fighting spam and scams on the Internet
"419" Scam – Advance Fee / Fake Lottery Scam
The so-called "419" scam is a type of fraud dominated by criminals from Nigeria and other countries in Africa. Victims of the scam are promised a large amount of money, such as a lottery prize, inheritance, money sitting in some bank account, etc.
Victims never receive this non-existent fortune but are tricked into sending their money to the criminals, who remain anonymous. They hide their real identity and location by using fake names and fake postal addresses as well as communicating via anonymous free email accounts and mobile phones.
Keep in mind that scammers DO NOT use their real names when defrauding people.
The criminals either abuse names of real people or companies or invent names or addresses.
Any real people or companies mentioned below have NO CONNECTION to the scammers!
Read more about such scams here or in our 419 FAQ. Use the Scam-O-Matic to verify suspect emails.
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Some comments by the Scam-O-Matic about the following email:
- An email address listed inside this email has been used in a known fraud before.
- This email uses a separate reply address that is different from the sender address. Spammers use this to get replies even when the original spam sending accounts have been shut down. Also, sometimes the sender addresses are legitimate looking but fake and only the reply address is actually an email account controlled by the scammers.
- The following fake company names, fake addresses, non-existent institutions/documents or other details have appeared in scams before:
- "first national bank" (not involved with lotteries)
- The following phrases in this message should put you on alert:
- "million united states dollars" (they want you to be blinded by the prospect of quick money, but the only money that ever changes hands in 419 scams is from you to the criminals)
- ",000,000" (they want you to be blinded by the prospect of quick money, but the only money that ever changes hands in 419 scams is from you to the criminals)
- This email message is a next of kin scam.
- This email lists mobile phone numbers. Use of such numbers is typical for scams because they allow criminals to conceal their true location. They can receive calls in an Internet cafe from where they send you emails, while pretending to be in some office.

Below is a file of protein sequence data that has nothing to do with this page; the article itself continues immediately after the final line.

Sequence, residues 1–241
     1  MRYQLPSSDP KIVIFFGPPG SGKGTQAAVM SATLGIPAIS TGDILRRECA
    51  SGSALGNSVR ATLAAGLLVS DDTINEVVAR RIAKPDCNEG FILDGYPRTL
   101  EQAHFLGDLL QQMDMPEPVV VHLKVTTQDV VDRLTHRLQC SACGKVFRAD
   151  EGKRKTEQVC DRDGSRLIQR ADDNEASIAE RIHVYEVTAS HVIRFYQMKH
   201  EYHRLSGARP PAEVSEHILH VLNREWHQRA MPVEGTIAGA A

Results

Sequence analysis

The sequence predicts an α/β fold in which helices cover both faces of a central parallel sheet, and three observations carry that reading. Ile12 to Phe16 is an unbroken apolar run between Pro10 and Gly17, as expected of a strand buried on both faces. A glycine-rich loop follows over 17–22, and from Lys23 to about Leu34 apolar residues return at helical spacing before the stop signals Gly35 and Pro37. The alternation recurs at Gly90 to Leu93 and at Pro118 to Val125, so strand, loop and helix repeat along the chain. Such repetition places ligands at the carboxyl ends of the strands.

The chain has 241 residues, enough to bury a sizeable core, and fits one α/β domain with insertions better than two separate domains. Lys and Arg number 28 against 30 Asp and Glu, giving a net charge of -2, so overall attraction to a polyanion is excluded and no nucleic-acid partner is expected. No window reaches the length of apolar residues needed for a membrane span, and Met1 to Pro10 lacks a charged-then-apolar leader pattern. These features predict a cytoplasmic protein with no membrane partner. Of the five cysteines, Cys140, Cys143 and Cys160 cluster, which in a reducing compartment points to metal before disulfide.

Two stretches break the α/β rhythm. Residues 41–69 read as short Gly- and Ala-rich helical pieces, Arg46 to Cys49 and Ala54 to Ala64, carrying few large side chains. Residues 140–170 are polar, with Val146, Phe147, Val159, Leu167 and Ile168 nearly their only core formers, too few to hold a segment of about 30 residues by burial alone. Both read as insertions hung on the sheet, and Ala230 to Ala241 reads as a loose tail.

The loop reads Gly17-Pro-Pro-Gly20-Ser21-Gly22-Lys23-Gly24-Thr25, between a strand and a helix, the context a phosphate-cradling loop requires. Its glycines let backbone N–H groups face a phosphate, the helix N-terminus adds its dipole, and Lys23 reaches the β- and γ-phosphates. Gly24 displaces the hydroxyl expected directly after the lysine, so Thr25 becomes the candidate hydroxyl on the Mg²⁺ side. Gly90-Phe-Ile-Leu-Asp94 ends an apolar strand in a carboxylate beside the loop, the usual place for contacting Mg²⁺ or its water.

- This email lists free webmail addresses. Use of such addresses is typical for scams. Lotteries, banks and any but the smallest of companies do not normally use such addresses. Criminals use them to anonymously send and receive email at Internet cafes.
- email@example.com (Rediffmail, India; can be used from anywhere worldwide)
- with this email address contact me on +27-822-699-353 firstname.lastname@example.org email@example.com attention: (Rediffmail; can be used from anywhere worldwide)
Fraud email example:
From: "Dr. Felix Collins" <firstname.lastname@example.org>
Date: Thu, 29 Mar 2012 15:53:05 +0900
Subject: PRIVATE AND CONFIDENTIAL FROM FIRST NATIONAL BANK OF SOUTH AFRICA.
From: (First National Bank South Africa)
Contact me with this email address
Contact me on +27-822-699-353
I do understand the concern this letter will bring to you for the fact that it comes from a total stranger, but be rest assured for it comes with good intentions. I got your contact through the South African International Exchange Network On-line here in Johannesburg, South Africa. For purpose of introduction I am Dr. Felix Collins, the Financial Adviser of FIRST NATIONAL BANK OF SOUTH AFRICA (F.N.B). There is an account opened in this bank since 1980 and since 1995 nobody has operated on this account again. After going through some old files in the records, I discovered that if I don't remit this money out urgently it would be forfeited for nothing.
The owner of this account is Mr. Smith .B. Andreas, a foreigner and a miner at Kruger Gold Co-operation, a geologist by profession and he died since 1994. No other person knows about this account or anything concerning it, the account has no other beneficiary and my investigation proved to me as well that the company does not know anything about this account and the amount involved is USD$75,000,000,00 (Seventy Five Million United States Dollars). I am only contacting you as a foreigner because this money cannot be approved to a local bank here, but can only be approved to any foreign account because the money is in United States Dollars and the former owner of the account Mr. Smith .B . Andreas is a foreigner too. I need a truthful person in this business because I don't want to make mistakes. I need your strong assurance and trust. With my position now in office I can transfer this money to any foreign reliable account, through on-line banking or Telegraphic Transfer (T.T)!
which you can provide with assurance that this money will be intact pending my physical arrival to your country for sharing. I will apply for annual leave to get a visa immediately I hear from you that you are ready to act and receive this money in your account. At the conclusion of this business, I will come to your country for withdrawal and sharing and other investments. you will be given 40% of the total amount, 50% will be for me , and while 10% will be for expenses both parties might incur during the process of transferring this money.
Therefore, if you are willing and interested to render the needed assistance, endeavour to reply through my email address, I also need your private phone and fax numbers for easy communication. I will give more clarifications on the modalities needed for the successful completion of this transaction.
Dr. Felix Collins